Franco's body can be moved, says Supreme Court, but not quite yet

Valle de los Caídos.
Valle de los Caídos. / EP
  • Judges rule that the dictator's remains should leave the Valle de los Caídos but can't be reburied in Madrid's cathedral as his family wants

The Supreme Court in Madrid has unanimously backed the government and said that the remains of General Franco can be removed from their ceremonial resting place in the Valle de los Caídos monument, outside Madrid, and placed in a simpler grave.

The family of the late dictator had launched court action against the decision by the cabinet, which had been previously approved by MPs, on the grounds that the exhumation violated their human rights. His grandchildren completely opposed a reburial but indicated, if it were to happen, it could be in the family crypt in a public part of Madrid's Almudena Cathedral and not in the quieter El Pardo cemetery on the edges of the city as the government wants.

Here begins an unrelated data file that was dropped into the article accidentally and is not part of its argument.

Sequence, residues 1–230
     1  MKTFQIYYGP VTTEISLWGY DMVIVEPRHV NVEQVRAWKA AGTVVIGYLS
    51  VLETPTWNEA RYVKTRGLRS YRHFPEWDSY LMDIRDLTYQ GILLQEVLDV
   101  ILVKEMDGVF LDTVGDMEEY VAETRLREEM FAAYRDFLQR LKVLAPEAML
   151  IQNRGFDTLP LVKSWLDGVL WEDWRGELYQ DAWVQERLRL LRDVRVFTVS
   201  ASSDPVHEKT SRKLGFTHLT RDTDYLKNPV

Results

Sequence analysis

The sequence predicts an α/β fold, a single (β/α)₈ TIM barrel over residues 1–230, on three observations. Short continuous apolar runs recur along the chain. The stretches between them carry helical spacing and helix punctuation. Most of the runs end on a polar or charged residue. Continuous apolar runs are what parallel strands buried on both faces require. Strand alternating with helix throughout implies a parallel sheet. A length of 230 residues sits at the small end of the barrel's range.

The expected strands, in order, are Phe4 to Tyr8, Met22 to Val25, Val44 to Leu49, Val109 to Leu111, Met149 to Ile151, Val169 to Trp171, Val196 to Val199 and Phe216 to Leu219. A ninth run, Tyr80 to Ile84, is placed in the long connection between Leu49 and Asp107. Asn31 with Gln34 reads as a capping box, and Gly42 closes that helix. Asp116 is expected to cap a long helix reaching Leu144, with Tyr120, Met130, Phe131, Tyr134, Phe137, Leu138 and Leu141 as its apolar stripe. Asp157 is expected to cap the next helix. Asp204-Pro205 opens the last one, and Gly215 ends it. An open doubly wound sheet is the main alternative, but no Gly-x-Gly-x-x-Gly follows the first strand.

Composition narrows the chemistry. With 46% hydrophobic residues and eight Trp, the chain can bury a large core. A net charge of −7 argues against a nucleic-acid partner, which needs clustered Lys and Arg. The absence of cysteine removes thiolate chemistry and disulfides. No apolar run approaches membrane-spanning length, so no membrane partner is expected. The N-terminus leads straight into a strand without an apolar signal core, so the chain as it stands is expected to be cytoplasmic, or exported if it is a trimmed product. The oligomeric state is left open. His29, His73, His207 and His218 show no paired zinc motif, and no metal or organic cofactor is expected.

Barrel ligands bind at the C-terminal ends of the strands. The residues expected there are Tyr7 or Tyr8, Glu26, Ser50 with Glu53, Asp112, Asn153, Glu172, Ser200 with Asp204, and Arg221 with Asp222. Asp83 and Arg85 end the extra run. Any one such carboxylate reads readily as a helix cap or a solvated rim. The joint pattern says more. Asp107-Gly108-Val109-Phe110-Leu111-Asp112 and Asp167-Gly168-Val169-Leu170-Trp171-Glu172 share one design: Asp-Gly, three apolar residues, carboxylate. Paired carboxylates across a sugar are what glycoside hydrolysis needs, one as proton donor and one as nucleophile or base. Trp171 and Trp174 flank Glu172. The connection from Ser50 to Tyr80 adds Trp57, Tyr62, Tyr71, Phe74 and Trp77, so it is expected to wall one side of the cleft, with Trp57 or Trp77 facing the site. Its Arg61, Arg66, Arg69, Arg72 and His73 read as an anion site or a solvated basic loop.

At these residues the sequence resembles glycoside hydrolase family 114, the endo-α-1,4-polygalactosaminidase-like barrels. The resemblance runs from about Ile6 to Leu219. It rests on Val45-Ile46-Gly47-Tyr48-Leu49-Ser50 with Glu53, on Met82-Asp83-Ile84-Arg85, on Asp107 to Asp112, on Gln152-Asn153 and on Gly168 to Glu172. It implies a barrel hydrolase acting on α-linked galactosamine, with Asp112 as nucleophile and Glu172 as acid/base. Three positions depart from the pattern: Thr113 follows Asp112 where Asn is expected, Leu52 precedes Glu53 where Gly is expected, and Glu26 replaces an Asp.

The judges backed the move by the ruling Socialist-PSOE party to move the body, citing recent Historical Memory law which says the controversial Valle de Los Caídos (Valley of the Fallen) site must only hold victims of the Spanish Civil War. As Franco died naturally, he shouldn't be there, the Supreme Court ruled. They also agreed with the government that using the cathedral would be a security risk.

However the removal to the El Pardo cemetery will not be immediate. The full judgement when published is expected to include conditions. In addition, the Franco family's lawyer said they will appeal to the Constitutional Court. There is also other court action under way to stop the removal, including a claim that planning permission is needed to move the two-tonne gravestone in the listed site.

In his annual speech to the United Nations on Tuesday, acting Prime Minister Pedro Sánchez referred to the Supreme Court verdict. "We have symbolically closed the democratic circle," he said.